On Tuesday, October 4th, the Royal Swedish Academy of Sciences released a statement announcing that the Nobel Prize in Physics 2022 was awarded to three scientists, the French Alain Aspect, the American John F. Clauser, and the Austrian Anton Zeilinger, “for experiments with entangled photons, establishing the violation of Bell inequalities, and pioneering quantum information science.”

These so-called “entangled quantum states” describe a state in which “two particles behave like a single unit even when they are separated,” according to the press release. According to the Nobel Prize committee, the three laureates each conducted groundbreaking experiments using entangled quantum states, which in turn paved the way for the application of quantum mechanics in new technologies, such as quantum computers, quantum networks, and secure quantum-encrypted communication.

Particle activity in the “entangled state” does not require the proximity of particles for them to be acted upon. To rule out the existence of hidden variables, which may have explained this behavior in ways other than quantum mechanics, John Stewart Bell defined the so-called Bell inequality in the 1960s, effectively as a means to engage with the falsification process of the suppositions of quantum theory. All three of the 2022 laureates contributed to developing quantum mechanics further by engaging with the Bell inequality and closing important loopholes that proved that quantum mechanics cannot be replaced by a theory that uses hidden variables.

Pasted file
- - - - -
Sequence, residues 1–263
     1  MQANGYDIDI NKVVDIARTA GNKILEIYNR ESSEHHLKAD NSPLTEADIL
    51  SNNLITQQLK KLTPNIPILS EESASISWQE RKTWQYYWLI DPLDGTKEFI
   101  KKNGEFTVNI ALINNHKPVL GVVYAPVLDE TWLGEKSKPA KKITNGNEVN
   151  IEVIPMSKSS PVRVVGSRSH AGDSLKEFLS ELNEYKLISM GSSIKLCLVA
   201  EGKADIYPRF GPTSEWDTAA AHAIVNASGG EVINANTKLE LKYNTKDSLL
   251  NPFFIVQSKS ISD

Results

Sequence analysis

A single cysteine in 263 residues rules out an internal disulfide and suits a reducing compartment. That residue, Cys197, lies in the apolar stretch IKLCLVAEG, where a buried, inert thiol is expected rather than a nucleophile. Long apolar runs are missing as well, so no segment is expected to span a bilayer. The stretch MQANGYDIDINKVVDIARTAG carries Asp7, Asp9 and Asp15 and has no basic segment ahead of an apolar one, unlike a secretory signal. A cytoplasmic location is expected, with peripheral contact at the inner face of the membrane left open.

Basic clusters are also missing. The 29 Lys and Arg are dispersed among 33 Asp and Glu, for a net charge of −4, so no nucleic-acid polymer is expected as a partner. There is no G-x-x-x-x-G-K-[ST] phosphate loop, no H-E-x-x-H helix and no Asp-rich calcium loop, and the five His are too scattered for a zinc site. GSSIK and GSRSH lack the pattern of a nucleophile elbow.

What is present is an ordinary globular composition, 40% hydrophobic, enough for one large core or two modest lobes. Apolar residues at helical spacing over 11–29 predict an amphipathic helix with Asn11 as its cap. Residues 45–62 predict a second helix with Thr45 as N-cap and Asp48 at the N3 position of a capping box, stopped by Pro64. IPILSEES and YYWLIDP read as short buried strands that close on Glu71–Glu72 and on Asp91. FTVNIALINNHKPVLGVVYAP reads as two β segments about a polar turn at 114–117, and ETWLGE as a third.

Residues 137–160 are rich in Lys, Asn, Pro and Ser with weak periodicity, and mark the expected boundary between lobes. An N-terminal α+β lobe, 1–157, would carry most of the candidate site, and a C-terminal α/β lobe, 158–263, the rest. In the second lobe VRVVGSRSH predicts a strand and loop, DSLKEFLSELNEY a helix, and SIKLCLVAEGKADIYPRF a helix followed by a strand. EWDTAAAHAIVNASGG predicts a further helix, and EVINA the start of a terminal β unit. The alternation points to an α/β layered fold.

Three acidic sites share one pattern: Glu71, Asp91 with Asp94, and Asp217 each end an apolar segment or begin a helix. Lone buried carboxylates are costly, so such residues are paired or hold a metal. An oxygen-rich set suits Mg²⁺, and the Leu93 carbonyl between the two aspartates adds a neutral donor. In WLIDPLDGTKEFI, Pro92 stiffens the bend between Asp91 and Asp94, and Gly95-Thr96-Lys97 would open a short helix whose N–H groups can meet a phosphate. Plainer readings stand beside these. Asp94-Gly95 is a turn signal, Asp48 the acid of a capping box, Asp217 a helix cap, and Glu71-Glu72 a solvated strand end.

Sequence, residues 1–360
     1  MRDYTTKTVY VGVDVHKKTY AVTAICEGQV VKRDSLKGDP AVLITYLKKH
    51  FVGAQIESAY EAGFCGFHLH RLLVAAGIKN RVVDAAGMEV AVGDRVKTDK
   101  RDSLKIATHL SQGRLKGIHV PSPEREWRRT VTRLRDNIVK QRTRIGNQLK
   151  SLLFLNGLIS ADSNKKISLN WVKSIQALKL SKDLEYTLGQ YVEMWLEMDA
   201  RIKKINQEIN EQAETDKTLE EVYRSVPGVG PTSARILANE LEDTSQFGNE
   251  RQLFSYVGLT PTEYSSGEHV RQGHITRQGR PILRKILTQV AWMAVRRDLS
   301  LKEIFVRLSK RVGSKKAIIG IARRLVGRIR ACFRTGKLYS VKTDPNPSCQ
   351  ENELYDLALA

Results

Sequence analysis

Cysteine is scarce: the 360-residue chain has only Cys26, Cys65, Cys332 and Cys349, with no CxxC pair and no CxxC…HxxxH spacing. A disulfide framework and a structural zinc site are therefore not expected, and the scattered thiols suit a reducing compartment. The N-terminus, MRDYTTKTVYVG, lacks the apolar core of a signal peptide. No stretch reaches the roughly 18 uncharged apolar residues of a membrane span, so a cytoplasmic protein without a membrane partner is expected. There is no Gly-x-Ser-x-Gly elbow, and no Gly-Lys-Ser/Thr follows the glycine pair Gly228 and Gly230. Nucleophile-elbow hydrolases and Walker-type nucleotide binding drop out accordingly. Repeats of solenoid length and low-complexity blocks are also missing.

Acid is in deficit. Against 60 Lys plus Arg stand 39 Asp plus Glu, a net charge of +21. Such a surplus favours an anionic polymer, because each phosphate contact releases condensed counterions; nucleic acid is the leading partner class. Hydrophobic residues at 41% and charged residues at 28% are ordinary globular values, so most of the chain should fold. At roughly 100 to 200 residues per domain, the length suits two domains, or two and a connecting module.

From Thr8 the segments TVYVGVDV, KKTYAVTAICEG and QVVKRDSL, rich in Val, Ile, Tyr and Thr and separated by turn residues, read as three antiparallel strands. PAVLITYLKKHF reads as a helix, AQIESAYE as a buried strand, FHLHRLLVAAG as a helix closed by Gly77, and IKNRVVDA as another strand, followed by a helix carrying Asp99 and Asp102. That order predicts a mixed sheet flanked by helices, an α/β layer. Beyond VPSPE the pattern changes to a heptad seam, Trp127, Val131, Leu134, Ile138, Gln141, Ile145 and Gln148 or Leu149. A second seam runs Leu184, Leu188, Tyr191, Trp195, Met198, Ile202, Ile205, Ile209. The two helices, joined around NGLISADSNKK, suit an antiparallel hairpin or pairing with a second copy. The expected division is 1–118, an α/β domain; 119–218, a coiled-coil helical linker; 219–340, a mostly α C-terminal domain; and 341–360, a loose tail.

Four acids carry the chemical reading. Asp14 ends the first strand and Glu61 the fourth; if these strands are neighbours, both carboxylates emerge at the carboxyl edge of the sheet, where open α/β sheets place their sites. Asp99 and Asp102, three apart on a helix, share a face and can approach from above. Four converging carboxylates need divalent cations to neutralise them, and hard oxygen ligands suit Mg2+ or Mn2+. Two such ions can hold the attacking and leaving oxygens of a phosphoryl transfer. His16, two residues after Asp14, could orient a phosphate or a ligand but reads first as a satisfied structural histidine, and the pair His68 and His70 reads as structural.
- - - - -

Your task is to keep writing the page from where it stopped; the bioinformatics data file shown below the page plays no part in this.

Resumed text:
While John Clauser developed Bell’s ideas so they could be used in a practical experiment, he managed to violate the Bell inequality, thus proving the irreplaceability of quantum mechanics to describe the entangled states. Alain Aspect then closed a series of remaining loopholes in Clauser’s experiments, while Anton Zeilinger managed to develop experiments making use of such entangled states, leading up to his most famous experiment, the so-called quantum teleportation, which allowed for a quantum state to be moved from one particle to another over a distance, and earned him his nickname ‘Mr. Beam.’

Anders Irbäck, chair of the Nobel Committee for Physics, said that “it has become increasingly clear that a new kind of quantum technology is emerging. We can see that the laureates’ work with entangled states is of great importance, even beyond the fundamental questions about the interpretation of quantum mechanics.”